ARTIST’S STUDIO: PHIL GOODRICH
 
 
 
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ARTIST’S STUDIO: PHIL GOODRICH

  • subtitle: The Reluctant Surf Artist

Written by  Allison Arteaga
Thursday, 7/18/13

East Coast native, global traveler, and impressionistic realist painter Phil Goodrich has always been passionate about surfing, but he would never have pictured himself painting waves. Lucky for us, he gave it a try one day. And as it turns out, he’s damn good. So now he’s finding an artistic balance between his first love, portraiture, and his knack for the more marketable surf art genre. ESM sat down with Phil to get the whole story...

ESM: Give us a little background on yourself, Phil.

Phil Goodrich: I’m 42, and I’ve been living in South Carolina for four years. I grew up in Melbourne Beach, FL, and started surfing when I was 10. I did the whole competition thing from age 14 to 20, but back in the day, Slater was in my division, along with David Speir, Paul Reinecke, Todd Morcom, and a lot of those guys. So, basically, I had a room full of 4th-place trophies [laughs]. I just wasn’t a pro surfer.

In high school, I would do cartoons just to express myself and as gifts for people, but art wasn’t a passion yet. It was more like a hobby. Then my dad gave me the opportunity to go to college at Point Loma University in California, and he didn’t say what I had to major in, so I tried to find something I liked. I signed up to do graphic design, but once I got about a year into it, I realized that I didn’t enjoy sitting in front of a computer. I like the process of art. I like the brushes and the chalk and the pastels and the surfaces. So I switched to studio art.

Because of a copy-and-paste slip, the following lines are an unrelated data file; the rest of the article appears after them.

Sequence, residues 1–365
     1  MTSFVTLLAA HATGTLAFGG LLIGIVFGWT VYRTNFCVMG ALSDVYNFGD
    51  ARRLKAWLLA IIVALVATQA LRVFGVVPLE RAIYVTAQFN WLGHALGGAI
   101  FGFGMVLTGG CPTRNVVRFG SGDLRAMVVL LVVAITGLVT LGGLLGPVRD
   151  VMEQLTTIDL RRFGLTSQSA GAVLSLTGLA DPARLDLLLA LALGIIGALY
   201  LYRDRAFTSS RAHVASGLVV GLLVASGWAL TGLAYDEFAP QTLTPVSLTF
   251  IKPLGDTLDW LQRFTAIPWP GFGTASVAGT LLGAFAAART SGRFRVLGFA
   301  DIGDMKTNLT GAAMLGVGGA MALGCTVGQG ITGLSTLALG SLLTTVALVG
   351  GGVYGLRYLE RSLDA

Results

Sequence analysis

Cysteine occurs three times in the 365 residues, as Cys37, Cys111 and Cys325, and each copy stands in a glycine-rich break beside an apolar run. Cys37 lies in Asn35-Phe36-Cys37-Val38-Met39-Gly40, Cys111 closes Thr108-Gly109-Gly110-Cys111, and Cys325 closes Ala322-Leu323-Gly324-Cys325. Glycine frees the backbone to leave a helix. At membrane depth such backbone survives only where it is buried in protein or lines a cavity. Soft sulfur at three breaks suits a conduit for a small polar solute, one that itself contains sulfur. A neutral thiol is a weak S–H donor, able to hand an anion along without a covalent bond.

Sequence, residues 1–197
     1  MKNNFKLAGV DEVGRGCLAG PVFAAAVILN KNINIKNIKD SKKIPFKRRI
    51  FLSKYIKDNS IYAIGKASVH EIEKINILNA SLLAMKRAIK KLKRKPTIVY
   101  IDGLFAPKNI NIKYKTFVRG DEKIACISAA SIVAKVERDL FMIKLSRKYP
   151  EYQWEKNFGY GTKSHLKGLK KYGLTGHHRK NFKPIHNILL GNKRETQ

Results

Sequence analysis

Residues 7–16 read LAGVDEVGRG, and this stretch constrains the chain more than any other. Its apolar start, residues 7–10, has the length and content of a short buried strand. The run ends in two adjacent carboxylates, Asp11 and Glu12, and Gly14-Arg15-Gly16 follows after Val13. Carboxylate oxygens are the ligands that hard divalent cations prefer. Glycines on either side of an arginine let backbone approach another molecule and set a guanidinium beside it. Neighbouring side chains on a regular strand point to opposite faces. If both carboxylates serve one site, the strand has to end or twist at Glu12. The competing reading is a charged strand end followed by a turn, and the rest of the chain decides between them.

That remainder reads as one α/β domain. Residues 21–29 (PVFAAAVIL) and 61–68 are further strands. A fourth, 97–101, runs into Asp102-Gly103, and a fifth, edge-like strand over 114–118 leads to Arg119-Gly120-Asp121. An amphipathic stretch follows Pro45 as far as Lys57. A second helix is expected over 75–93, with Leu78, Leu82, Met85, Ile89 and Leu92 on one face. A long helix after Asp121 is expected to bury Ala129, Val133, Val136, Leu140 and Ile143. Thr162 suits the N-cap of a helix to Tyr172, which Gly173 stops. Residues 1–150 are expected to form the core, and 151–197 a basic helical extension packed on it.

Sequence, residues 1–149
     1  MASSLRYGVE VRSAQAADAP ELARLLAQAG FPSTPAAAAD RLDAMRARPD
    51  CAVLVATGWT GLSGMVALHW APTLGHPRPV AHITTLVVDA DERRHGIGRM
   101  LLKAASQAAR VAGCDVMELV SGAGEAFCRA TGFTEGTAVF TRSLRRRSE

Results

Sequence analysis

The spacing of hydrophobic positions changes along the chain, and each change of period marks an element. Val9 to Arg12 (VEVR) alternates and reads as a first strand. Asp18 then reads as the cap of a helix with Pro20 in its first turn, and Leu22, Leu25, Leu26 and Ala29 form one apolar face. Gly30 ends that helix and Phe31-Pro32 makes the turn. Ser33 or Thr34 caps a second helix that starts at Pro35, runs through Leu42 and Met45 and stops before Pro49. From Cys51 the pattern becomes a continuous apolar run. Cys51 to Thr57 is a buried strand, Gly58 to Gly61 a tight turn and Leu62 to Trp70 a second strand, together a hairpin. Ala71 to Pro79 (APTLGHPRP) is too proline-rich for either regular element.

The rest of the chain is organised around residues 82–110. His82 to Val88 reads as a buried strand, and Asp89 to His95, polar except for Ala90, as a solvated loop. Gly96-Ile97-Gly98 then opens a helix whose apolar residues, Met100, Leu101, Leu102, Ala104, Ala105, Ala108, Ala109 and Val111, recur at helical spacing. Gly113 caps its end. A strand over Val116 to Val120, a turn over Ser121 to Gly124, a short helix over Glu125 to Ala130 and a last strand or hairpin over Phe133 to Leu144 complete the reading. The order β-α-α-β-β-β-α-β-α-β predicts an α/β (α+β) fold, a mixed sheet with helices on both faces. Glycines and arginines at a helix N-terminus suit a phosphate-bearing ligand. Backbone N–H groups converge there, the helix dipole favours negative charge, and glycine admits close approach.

I graduated in 1993 and lived in San Diego until 2008. I met my wife there, but things weren’t working out for us with the cost of living. She owns a house in South Carolina, so we came here. I live about 45 minutes from the coast now, and that’s both good and bad. It gives me a lot of time to paint, but I surf Carolina Beach the most now, and that’s about an hour and 45 minutes away, so I don’t surf as much as I would like. But I do go to Indonesia every year for anywhere from two to five months. For me, surfing is just a relief. Riding waves has always been my way to express myself physically and get it all out, good or bad.

ESM: Seems like surfing would be a natural source of inspiration for your art.

PG: Actually, no — I’ve only been doing surf art since 2010. Before that, I was really stubborn about doing what I wanted to do, which was painting portraits of blues musicians and women. But portraiture as a profession is really challenging. It’s hard to sell a piece if it’s something you do on your own and not a portrait that someone hired you to do of a particular person. But to me, capturing a moment or an expression in paint always seemed like a noble pursuit. I like the human side of portraiture and the level of skill and practice it takes. It’s undeniable when someone is a great portrait artist. It’s not something that you can just take a couple of classes for and then really excel at. It takes thousands of hours. I always admired portrait artists like John Singer Sargent and Gustav Klimt. They had a somewhat loose style when it came to their brush strokes, but at the same time, it always looked so real.

ESM: What got you to consider doing other types of work?